Robert Louis Stevenson

(1850-1894 / Edinburgh / Scotland)

Robert Louis Stevenson Poems

1. To Mrs. Will. H. Low. 3/26/2015
2. The Sick Child 4/24/2015
3. The Feast Of Famine 7/1/2015
4. My Body, Which My Dungeon Is 5/22/2015
5. Underwoods: Epigram 1/29/2015
6. The Mirror Speaks 4/7/2015
7. There Was An Old Man Of The Cape 2/4/2015
8. Consolation 3/6/2015
9. My House, I Say 1/9/2015
10. A Child's Garden Of Verses 1/7/2015
11. Wedding Prayer 2/3/2015
12. To Mesdames Zassetsky And Garschine 12/31/2002
13. To Miss Cornish 12/31/2002
14. The Spaewife 3/30/2010
15. The Relic Taken, What Avails The Shrine? 12/31/2002
16. To Rosabelle 12/31/2002
17. To Madame Garschine 12/31/2002
18. To Marcus 12/31/2002
19. Sonnet Viii 12/31/2002
20. The Old Chimaeras. Old Recipts 12/31/2002
21. Sonet Vi 12/31/2002
22. In The States 1/3/2003
23. In Maximum 12/31/2002
24. Frag2 12/31/2002
25. I, Whom Apollo Somtime Visited 12/31/2002
26. To Will H. Low 3/30/2010
27. To Charles Baxter 12/31/2002
28. In Charidemum 12/31/2002
29. Hail, Guest, And Enter Freely! 12/31/2002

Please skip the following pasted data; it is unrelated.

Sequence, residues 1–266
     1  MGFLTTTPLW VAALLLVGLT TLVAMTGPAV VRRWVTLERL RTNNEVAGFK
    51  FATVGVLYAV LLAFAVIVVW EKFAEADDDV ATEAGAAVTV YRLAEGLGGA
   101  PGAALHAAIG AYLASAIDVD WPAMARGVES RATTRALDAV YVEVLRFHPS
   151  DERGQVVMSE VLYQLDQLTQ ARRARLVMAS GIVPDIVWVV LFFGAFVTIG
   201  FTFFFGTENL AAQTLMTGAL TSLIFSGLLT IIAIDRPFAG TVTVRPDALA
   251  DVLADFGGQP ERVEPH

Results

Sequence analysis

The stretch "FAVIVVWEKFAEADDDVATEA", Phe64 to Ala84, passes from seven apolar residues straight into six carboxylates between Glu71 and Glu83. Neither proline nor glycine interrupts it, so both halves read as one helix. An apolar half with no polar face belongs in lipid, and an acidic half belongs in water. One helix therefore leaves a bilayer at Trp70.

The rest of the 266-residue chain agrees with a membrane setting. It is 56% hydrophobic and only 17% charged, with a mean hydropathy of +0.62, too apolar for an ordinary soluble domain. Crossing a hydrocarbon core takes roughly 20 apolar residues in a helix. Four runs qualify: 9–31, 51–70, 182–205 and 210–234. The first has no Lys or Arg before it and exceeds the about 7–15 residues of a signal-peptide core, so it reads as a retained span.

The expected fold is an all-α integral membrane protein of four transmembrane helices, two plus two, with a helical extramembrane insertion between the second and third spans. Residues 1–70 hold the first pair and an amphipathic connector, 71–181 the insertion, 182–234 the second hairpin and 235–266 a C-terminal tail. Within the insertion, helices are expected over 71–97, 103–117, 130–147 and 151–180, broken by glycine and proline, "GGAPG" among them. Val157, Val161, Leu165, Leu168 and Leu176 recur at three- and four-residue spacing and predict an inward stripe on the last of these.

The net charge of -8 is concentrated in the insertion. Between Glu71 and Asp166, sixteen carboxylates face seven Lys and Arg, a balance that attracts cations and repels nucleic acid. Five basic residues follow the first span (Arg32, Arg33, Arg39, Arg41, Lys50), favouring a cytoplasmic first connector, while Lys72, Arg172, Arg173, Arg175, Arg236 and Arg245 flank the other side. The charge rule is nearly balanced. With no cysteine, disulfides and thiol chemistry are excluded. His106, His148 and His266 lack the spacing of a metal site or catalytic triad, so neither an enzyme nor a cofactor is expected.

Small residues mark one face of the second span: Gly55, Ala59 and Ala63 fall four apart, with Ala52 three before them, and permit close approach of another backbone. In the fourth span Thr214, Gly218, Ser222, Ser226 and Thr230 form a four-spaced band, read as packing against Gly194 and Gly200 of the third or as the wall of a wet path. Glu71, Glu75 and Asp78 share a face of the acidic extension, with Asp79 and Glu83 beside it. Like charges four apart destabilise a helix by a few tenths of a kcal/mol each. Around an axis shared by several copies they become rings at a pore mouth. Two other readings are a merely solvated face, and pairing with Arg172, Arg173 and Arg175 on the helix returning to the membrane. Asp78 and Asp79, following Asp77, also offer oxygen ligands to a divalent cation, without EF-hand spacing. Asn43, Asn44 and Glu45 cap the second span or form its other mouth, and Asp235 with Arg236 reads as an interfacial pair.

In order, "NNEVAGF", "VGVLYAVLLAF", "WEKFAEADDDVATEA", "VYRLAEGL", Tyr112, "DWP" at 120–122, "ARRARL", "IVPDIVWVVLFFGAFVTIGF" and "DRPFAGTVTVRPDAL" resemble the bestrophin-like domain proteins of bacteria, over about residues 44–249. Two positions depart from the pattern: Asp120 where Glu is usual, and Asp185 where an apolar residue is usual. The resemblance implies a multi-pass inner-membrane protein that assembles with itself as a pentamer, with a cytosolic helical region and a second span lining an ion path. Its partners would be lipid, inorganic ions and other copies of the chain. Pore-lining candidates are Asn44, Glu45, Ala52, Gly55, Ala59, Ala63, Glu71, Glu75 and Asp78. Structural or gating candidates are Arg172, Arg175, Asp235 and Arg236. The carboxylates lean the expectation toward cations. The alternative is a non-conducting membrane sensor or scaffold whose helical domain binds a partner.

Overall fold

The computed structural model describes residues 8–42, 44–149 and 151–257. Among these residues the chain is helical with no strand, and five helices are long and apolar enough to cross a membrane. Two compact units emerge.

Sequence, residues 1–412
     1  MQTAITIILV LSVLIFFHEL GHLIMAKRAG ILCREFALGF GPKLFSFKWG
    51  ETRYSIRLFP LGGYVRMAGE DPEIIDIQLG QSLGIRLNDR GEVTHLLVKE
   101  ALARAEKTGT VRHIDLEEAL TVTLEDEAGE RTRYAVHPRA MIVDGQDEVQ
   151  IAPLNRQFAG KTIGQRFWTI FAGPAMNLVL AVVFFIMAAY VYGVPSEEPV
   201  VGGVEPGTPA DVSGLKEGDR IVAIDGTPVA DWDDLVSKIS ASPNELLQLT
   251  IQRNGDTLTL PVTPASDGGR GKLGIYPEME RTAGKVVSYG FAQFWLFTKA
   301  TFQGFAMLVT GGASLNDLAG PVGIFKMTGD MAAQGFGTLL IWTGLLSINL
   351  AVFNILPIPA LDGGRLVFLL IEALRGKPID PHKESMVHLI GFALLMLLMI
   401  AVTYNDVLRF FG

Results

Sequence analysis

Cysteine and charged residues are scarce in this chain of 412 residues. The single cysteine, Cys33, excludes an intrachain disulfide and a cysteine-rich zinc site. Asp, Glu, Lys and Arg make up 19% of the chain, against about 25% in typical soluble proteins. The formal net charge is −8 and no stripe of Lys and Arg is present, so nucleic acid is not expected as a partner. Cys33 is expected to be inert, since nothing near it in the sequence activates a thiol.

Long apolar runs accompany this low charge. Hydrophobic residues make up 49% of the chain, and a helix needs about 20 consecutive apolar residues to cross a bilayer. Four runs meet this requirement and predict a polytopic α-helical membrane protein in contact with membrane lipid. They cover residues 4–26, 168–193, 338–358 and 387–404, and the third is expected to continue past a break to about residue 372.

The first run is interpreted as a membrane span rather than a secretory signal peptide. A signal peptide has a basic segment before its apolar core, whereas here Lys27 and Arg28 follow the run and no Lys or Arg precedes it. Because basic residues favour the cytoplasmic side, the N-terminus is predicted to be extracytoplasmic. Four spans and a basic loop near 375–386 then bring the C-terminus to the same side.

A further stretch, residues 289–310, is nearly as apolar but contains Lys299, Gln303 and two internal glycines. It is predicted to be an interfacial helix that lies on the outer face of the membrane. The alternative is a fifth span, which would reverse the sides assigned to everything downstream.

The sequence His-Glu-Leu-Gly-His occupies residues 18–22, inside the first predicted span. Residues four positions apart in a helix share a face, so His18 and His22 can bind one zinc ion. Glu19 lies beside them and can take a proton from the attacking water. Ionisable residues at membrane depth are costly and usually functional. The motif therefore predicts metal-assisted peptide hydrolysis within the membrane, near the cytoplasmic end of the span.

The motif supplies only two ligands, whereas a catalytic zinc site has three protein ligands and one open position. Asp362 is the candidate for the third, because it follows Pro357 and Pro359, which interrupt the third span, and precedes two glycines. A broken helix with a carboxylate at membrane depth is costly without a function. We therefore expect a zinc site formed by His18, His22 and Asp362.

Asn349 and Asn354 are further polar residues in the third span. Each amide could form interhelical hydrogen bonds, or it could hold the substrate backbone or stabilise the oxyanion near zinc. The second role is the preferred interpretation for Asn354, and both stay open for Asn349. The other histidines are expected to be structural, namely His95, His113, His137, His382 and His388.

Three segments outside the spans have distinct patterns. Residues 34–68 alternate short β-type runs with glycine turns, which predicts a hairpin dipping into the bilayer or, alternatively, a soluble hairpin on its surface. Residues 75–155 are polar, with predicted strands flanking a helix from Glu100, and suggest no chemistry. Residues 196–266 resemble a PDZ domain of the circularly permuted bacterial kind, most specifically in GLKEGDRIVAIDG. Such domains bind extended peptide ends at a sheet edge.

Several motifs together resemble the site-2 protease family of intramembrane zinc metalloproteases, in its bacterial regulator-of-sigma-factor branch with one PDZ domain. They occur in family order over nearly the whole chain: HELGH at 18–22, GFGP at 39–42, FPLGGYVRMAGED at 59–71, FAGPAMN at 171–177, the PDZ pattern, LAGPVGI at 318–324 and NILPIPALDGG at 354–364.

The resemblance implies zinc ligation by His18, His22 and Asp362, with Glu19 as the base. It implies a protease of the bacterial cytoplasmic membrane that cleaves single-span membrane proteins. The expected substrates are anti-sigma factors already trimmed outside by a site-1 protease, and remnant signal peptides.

30. Youth And Love 3/30/2010
31. Sonnet Vii 12/31/2002
32. Henry James 1/3/2003
33. The Clock's Clear Voice Into The Clearer Air 12/31/2002
34. My Heart, When First The Black-Bird Sings 3/30/2010
35. Sonnet Ii 12/31/2002
36. Frag1 12/31/2002
37. Lo, Now, My Guest 12/31/2002
38. Light As The Linnet On My Way I Start 12/31/2002
39. To N. V. De G. S. 3/30/2010
40. For Richmond's Garden Wall 12/31/2002
Best Poem of Robert Louis Stevenson

The Swing

How do you like to go up in a swing,
Up in the air so blue?
Oh, I do think it the pleasantest thing
Ever a child can do!

Up in the air and over the wall,
Till I can see so wide,
River and trees and cattle and all
Over the countryside--

Till I look down on the garden green,
Down on the roof so brown--
Up in the air I go flying again,
Up in the air and down!

Read the full of The Swing

In Lupum

BEYOND the gates thou gav'st a field to till;
I have a larger on my window-sill.
A farm, d'ye say? Is this a farm to you,
Where for all woods I spay one tuft of rue,
And that so rusty, and so small a thing,
One shrill cicada hides it with a wing;
Where one cucumber covers all the plain;
And where one serpent rings himself in vain
To enter wholly; and a single snail

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